newstream

Americas

Kelly aide picked to lead homeland security dept

Kelly aide picked to lead homeland security dept
White House Chief of Staff John Kelly and Deputy Chief of Staff Kirstjen Nielsen speak together as they walk across the South Lawn of the White House in Washington. President Donald Trump is expected to nominate Kirstjen Nielsen as his next Secretary of Homeland Security. AP file photo

Kelly aide picked to lead homeland security dept

WASHINGTON — President Donald Trump said on Wednesday (Oct 11) that he intended to name Kirstjen Nielsen, a top White House aide, to lead the Department of Homeland Security, elevating a former homeland security official in the George W Bush administration who has lately worked to impose order in Mr Trump's chaotic West Wing.

Mr Trump announced his choice in a statement that noted Ms Nielsen's "extensive professional experience in the areas of homeland security policy and strategy, cybersecurity, critical infrastructure and emergency management." She is the first nominee for the homeland security post who had served in the department, according to the statement.

If confirmed, Ms Nielsen would replace John F Kelly, who was homeland security secretary until he left in July to serve as the White House chief of staff and bring discipline and direction to a West Wing plagued by disorganisation and infighting. Mr Kelly had drafted Ms Nielsen to be his chief of staff at the Homeland Security department, and when the president plucked him for the White House, he brought her as his No 2.

Known as a no-nonsense player and policy wonk, Ms Nielsen appears unlikely to land at the centre of the type of controversies that have engulfed Trump's presidency. But her regimented style in a freewheeling and often dysfunctional West Wing frustrated some senior officials and people close to the president, who chafed under her dictates. On Wednesday, some of them described Ms Nielsen's promotion as a solution to a toxic personnel situation, while others fretted privately that her departure would create a void at the White House that would be difficult to fill.

Mr Kelly pushed hard for her selection, making a personal appeal to Mr Trump during a monthslong search process. Among the other candidates considered, according to people familiar with the process, was Rep Michael McCaul, R-Texas, the chairman of the House Homeland Security Committee.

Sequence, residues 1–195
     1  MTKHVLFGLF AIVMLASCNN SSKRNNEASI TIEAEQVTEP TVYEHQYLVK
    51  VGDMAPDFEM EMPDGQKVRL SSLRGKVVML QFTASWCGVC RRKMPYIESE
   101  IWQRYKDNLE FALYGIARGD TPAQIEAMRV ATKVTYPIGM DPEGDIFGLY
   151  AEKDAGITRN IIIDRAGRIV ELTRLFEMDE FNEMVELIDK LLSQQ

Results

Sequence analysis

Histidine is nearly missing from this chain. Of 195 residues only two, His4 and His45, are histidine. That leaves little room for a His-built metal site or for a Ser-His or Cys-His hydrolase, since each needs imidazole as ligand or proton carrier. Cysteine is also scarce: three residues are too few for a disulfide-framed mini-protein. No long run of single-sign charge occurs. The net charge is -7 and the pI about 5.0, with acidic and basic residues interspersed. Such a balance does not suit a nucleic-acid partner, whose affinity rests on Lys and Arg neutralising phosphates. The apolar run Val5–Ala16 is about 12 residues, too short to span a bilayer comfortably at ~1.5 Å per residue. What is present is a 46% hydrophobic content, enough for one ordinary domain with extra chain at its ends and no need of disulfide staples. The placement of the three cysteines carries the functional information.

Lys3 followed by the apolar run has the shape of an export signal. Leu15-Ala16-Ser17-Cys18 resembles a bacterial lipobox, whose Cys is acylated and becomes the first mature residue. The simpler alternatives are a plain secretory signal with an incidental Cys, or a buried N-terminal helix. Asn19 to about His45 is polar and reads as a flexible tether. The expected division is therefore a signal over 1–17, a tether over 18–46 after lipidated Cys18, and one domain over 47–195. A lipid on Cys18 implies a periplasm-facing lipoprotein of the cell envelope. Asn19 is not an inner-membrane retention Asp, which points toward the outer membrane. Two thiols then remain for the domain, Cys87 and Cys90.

Former colleagues said on Wednesday that Ms Nielsen was well qualified.

"She's a total homeland security expert — absolutely has no learning curve," said Michael Allen, who worked with Ms Nielsen during the Bush administration. "She's an experienced manager, she's an implementer, she knows how to get under the hood and figure out what needs to be connected to what."

Added Frances Townsend, her boss at the White House during the Bush administration: "She is tough as nails, competent and has rightly earned the president's respect."

Mr Kelly and Ms Nielsen arrived at the White House after a tumultuous period that led to the departure of Reince Priebus, Trump's first chief of staff, and Sean Spicer, his original press secretary. Mr Kelly, who spends much of his time managing the president and working to defuse brewing confrontations between Mr Trump and senior advisers, has leaned on Ms Nielsen to manage and impose discipline on the rest of the White House staff.

It is not clear who will play that role after she leaves, and her departure will leave a hole at the White House as Mr Trump faces an array of challenges, including confronting the threat from North Korea, addressing ruptures with his Cabinet and crucial Republican lawmakers and trying to push a large tax cut through Congress.

Ms Nielsen's experience at the Homeland Security department began after the Sept 11 attacks, when she joined the newly formed Transportation Security Administration, housed within the department. She also served on Mr Bush's homeland security council, devising a national response plan for domestic incidents and helping to compile a report on lessons from the bungled federal response to Hurricane Katrina.

As a private-sector consultant, she helped government entities and private companies devise preparedness plans to guard against cyberattacks.

Tom Ridge, who served under Mr Bush as the nation's first homeland security secretary, called Ms Nielsen "extremely well versed in the all-hazard threats challenging the security and resilience of our homeland."

"Most importantly, in this hyperpolitical environment, Kirstjen is not a self-promoter," Mr Ridge said in a statement. "She is a patriot and takes a mission-focused approach to her work."

Some Democrats, however, expressed reservations about Ms Nielsen's extensive resume, and her closeness to the president and his chief of staff.

"I am very concerned about her past work in the Bush administration during its botched response to Hurricane Katrina and am fearful that DHS — as well as this president — has not learned all the lessons from that tragedy given what we are seeing unravel in Puerto Rico and the US Virgin Islands," said Rep Bennie Thompson, D-Miss., the ranking member of the Homeland Security Committee, referring to the federal response to hurricane damage on those islands, which has been widely criticised.

"It is extremely important that the DHS secretary stay above the partisan fray," Mr Thompson added, "and not allow the position be a political pawn of the White House." THE NEW YORK TIMES